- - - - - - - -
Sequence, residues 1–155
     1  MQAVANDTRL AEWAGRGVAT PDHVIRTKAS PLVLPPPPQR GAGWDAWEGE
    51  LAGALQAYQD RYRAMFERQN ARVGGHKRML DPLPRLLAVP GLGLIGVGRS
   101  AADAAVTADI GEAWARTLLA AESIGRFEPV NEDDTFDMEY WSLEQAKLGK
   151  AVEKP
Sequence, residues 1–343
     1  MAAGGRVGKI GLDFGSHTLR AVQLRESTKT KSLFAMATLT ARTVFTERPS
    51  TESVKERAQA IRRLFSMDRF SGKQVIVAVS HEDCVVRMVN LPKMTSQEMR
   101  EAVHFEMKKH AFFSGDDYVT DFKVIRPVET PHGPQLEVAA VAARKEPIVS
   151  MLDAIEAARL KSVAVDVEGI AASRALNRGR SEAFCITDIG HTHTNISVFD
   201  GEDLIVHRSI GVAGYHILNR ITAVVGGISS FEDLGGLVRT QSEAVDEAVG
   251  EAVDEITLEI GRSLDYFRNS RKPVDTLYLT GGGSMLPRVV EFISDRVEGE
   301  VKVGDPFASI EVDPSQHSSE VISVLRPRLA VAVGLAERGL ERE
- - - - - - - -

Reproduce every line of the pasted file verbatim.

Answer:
Sequence, residues 1–155
     1  MQAVANDTRL AEWAGRGVAT PDHVIRTKAS PLVLPPPPQR GAGWDAWEGE
    51  LAGALQAYQD RYRAMFERQN ARVGGHKRML DPLPRLLAVP GLGLIGVGRS
   101  AADAAVTADI GEAWARTLLA AESIGRFEPV NEDDTFDMEY WSLEQAKLGK
   151  AVEKP
Sequence, residues 1–343
     1  MAAGGRVGKI GLDFGSHTLR AVQLRESTKT KSLFAMATLT ARTVFTERPS
    51  TESVKERAQA IRRLFSMDRF SGKQVIVAVS HEDCVVRMVN LPKMTSQEMR
   101  EAVHFEMKKH AFFSGDDYVT DFKVIRPVET PHGPQLEVAA VAARKEPIVS
   151  MLDAIEAARL KSVAVDVEGI AASRALNRGR SEAFCITDIG HTHTNISVFD
   201  GEDLIVHRSI GVAGYHILNR ITAVVGGISS FEDLGGLVRT QSEAVDEAVG
   251  EAVDEITLEI GRSLDYFRNS RKPVDTLYLT GGGSMLPRVV EFISDRVEGE
   301  VKVGDPFASI EVDPSQHSSE VISVLRPRLA VAVGLAERGL ERE